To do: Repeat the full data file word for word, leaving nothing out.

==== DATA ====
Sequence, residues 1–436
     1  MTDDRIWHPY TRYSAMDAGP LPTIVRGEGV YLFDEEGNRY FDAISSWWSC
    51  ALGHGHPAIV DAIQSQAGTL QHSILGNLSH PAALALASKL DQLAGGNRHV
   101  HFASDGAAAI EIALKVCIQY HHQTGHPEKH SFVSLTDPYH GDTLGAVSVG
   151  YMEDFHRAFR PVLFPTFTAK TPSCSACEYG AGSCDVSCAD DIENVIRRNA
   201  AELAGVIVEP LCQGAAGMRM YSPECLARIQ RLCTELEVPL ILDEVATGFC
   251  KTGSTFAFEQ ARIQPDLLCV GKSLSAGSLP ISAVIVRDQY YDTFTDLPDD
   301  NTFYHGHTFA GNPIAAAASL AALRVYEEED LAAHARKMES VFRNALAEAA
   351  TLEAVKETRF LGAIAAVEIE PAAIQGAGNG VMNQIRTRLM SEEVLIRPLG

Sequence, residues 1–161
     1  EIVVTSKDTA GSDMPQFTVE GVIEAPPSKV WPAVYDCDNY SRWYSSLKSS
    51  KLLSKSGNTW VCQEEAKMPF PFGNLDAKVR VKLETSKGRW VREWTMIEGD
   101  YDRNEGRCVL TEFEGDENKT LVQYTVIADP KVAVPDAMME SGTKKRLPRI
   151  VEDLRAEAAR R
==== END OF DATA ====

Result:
Sequence, residues 1–436
     1  MTDDRIWHPY TRYSAMDAGP LPTIVRGEGV YLFDEEGNRY FDAISSWWSC
    51  ALGHGHPAIV DAIQSQAGTL QHSILGNLSH PAALALASKL DQLAGGNRHV
   101  HFASDGAAAI EIALKVCIQY HHQTGHPEKH SFVSLTDPYH GDTLGAVSVG
   151  YMEDFHRAFR PVLFPTFTAK TPSCSACEYG AGSCDVSCAD DIENVIRRNA
   201  AELAGVIVEP LCQGAAGMRM YSPECLARIQ RLCTELEVPL ILDEVATGFC
   251  KTGSTFAFEQ ARIQPDLLCV GKSLSAGSLP ISAVIVRDQY YDTFTDLPDD
   301  NTFYHGHTFA GNPIAAAASL AALRVYEEED LAAHARKMES VFRNALAEAA
   351  TLEAVKETRF LGAIAAVEIE PAAIQGAGNG VMNQIRTRLM SEEVLIRPLG

Sequence, residues 1–161
     1  EIVVTSKDTA GSDMPQFTVE GVIEAPPSKV WPAVYDCDNY SRWYSSLKSS
    51  KLLSKSGNTW VCQEEAKMPF PFGNLDAKVR VKLETSKGRW VREWTMIEGD
   101  YDRNEGRCVL TEFEGDENKT LVQYTVIADP KVAVPDAMME SGTKKRLPRI
   151  VEDLRAEAAR R